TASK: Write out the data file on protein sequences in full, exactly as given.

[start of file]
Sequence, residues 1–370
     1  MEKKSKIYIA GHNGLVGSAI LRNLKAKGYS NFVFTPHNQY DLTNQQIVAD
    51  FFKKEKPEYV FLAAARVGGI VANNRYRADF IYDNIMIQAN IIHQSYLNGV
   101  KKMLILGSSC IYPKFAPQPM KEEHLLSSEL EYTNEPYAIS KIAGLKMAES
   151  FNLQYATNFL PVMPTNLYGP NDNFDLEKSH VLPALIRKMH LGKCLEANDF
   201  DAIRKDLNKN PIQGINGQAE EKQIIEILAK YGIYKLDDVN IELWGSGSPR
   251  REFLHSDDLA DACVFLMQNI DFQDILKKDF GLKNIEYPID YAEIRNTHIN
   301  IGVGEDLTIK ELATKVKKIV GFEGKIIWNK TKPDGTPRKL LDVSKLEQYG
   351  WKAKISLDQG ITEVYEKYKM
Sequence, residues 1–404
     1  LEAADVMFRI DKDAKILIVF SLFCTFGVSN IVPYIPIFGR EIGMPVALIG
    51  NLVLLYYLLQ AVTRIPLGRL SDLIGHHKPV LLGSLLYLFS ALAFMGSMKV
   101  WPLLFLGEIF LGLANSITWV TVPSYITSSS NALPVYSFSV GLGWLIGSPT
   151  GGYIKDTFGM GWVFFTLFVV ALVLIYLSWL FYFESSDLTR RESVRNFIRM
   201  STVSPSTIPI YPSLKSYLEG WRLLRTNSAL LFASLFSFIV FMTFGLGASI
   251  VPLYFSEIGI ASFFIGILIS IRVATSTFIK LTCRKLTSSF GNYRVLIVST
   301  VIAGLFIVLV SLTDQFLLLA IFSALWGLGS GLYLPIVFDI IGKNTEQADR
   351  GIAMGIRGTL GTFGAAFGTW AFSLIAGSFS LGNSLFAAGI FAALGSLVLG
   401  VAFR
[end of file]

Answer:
Sequence, residues 1–370
     1  MEKKSKIYIA GHNGLVGSAI LRNLKAKGYS NFVFTPHNQY DLTNQQIVAD
    51  FFKKEKPEYV FLAAARVGGI VANNRYRADF IYDNIMIQAN IIHQSYLNGV
   101  KKMLILGSSC IYPKFAPQPM KEEHLLSSEL EYTNEPYAIS KIAGLKMAES
   151  FNLQYATNFL PVMPTNLYGP NDNFDLEKSH VLPALIRKMH LGKCLEANDF
   201  DAIRKDLNKN PIQGINGQAE EKQIIEILAK YGIYKLDDVN IELWGSGSPR
   251  REFLHSDDLA DACVFLMQNI DFQDILKKDF GLKNIEYPID YAEIRNTHIN
   301  IGVGEDLTIK ELATKVKKIV GFEGKIIWNK TKPDGTPRKL LDVSKLEQYG
   351  WKAKISLDQG ITEVYEKYKM
Sequence, residues 1–404
     1  LEAADVMFRI DKDAKILIVF SLFCTFGVSN IVPYIPIFGR EIGMPVALIG
    51  NLVLLYYLLQ AVTRIPLGRL SDLIGHHKPV LLGSLLYLFS ALAFMGSMKV
   101  WPLLFLGEIF LGLANSITWV TVPSYITSSS NALPVYSFSV GLGWLIGSPT
   151  GGYIKDTFGM GWVFFTLFVV ALVLIYLSWL FYFESSDLTR RESVRNFIRM
   201  STVSPSTIPI YPSLKSYLEG WRLLRTNSAL LFASLFSFIV FMTFGLGASI
   251  VPLYFSEIGI ASFFIGILIS IRVATSTFIK LTCRKLTSSF GNYRVLIVST
   301  VIAGLFIVLV SLTDQFLLLA IFSALWGLGS GLYLPIVFDI IGKNTEQADR
   351  GIAMGIRGTL GTFGAAFGTW AFSLIAGSFS LGNSLFAAGI FAALGSLVLG
   401  VAFR